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'Crisis point': How one woman's life fell apart and why she's now being deported

Natalie Akoorie,
Publish Date
Sun, 3 Mar 2024, 1:12PM
Photo/NZ Herald
Photo/NZ Herald

'Crisis point': How one woman's life fell apart and why she's now being deported

Natalie Akoorie,
Publish Date
Sun, 3 Mar 2024, 1:12PM

The crisis point in Amanda’s* life came when her ailing mother suffered another stroke and she was asked whether, next time, her mum should be resuscitated.

It dawned on the Australian woman that when the dementia took hold and her mother finally succumbed, she would be alone; without a parent, sibling, partner or children.

Her world crumbled and she was briefly placed in psychiatric care.

Fast forward three years and Amanda found herself in the grip of a gambling addiction that led to her stealing $228,000 from her employer - a former district health board in New Zealand.

Now she is to be deported after the Immigration and Protection Tribunal of New Zealand declined an appeal, made on humanitarian grounds.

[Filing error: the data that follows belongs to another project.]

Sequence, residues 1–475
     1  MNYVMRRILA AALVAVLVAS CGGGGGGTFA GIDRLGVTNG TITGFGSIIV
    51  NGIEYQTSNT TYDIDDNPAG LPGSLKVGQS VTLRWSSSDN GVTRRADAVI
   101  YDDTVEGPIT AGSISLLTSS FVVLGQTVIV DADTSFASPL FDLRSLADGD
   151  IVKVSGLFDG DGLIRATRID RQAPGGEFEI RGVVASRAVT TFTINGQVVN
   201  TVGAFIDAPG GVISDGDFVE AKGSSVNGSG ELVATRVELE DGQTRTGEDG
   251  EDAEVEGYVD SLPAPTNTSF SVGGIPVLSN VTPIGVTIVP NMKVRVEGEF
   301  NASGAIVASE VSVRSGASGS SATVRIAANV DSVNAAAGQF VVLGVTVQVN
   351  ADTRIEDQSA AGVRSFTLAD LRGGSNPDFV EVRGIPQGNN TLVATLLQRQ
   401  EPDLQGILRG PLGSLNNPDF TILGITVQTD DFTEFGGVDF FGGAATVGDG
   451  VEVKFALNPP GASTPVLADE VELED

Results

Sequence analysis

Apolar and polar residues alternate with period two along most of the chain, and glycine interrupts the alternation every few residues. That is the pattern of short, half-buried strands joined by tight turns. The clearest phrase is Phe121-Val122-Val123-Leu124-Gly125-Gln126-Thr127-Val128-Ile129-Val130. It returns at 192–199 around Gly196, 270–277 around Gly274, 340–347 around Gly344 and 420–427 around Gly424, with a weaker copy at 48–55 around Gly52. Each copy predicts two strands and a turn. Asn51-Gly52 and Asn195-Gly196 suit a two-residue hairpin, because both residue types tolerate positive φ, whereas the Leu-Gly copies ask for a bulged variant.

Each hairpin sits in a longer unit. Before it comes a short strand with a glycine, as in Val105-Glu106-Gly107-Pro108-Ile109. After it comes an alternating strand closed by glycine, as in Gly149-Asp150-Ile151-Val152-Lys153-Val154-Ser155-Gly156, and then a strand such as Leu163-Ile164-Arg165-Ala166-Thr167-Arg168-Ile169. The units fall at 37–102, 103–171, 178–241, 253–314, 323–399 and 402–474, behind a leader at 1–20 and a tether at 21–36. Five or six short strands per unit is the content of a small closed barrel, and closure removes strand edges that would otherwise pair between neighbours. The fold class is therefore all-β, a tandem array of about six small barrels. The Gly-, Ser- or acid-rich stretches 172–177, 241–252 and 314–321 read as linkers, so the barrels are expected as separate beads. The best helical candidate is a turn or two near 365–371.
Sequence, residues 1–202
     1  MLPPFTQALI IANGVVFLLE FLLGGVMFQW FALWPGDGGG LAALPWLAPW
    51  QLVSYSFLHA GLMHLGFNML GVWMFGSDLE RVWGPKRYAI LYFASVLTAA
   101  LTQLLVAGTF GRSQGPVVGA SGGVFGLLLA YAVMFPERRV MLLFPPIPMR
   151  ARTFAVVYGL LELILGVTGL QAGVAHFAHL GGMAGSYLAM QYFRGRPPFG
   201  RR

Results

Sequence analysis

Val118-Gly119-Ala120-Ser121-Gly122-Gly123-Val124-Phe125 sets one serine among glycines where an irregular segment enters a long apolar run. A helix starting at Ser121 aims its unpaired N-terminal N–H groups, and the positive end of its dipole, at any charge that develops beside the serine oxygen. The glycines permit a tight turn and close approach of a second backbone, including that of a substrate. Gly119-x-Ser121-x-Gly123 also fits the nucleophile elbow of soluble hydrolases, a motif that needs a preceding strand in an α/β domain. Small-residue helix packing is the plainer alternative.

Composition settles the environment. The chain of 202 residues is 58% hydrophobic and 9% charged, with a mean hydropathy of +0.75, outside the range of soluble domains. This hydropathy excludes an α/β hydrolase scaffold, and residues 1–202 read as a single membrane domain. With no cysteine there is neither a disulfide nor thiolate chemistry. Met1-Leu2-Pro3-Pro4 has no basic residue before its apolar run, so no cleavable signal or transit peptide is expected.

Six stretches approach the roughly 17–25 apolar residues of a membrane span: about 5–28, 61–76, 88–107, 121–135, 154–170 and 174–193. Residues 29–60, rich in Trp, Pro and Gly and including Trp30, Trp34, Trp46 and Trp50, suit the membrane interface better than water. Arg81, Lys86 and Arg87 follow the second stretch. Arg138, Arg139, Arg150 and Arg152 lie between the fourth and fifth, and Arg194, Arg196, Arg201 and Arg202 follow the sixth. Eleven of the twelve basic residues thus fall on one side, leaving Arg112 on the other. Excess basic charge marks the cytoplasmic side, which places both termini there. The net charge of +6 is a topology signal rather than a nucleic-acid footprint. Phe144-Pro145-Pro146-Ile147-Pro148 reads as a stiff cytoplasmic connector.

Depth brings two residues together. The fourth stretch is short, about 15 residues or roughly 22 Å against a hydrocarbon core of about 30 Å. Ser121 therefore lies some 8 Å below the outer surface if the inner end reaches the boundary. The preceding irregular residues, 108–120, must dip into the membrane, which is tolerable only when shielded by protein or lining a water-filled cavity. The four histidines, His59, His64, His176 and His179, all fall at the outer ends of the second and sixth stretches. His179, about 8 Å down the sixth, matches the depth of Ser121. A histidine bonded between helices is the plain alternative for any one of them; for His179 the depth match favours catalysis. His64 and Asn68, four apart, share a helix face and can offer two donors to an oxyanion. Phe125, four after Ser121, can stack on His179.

Amanda was a parking administrator for the DHB, now Te Whatu Ora, when she stole the public money to feed her gambling addiction.

The 48-year-old was convicted of theft by a person in a special relationship and sentenced in January 2022 to 10 months’ home detention.

She was in charge of monitoring the float and recovering coins from parking machines around the campus when the offending began.

Between August 2017 and September 2018, she stole $228,448 in coins from the DHB, depositing $109,453 into the account of a good friend which the pair spent together on gambling and weekends away.

Both were convicted; Amanda received 10 months’ home detention and the friend 12 months’ community detention for receiving stolen goods.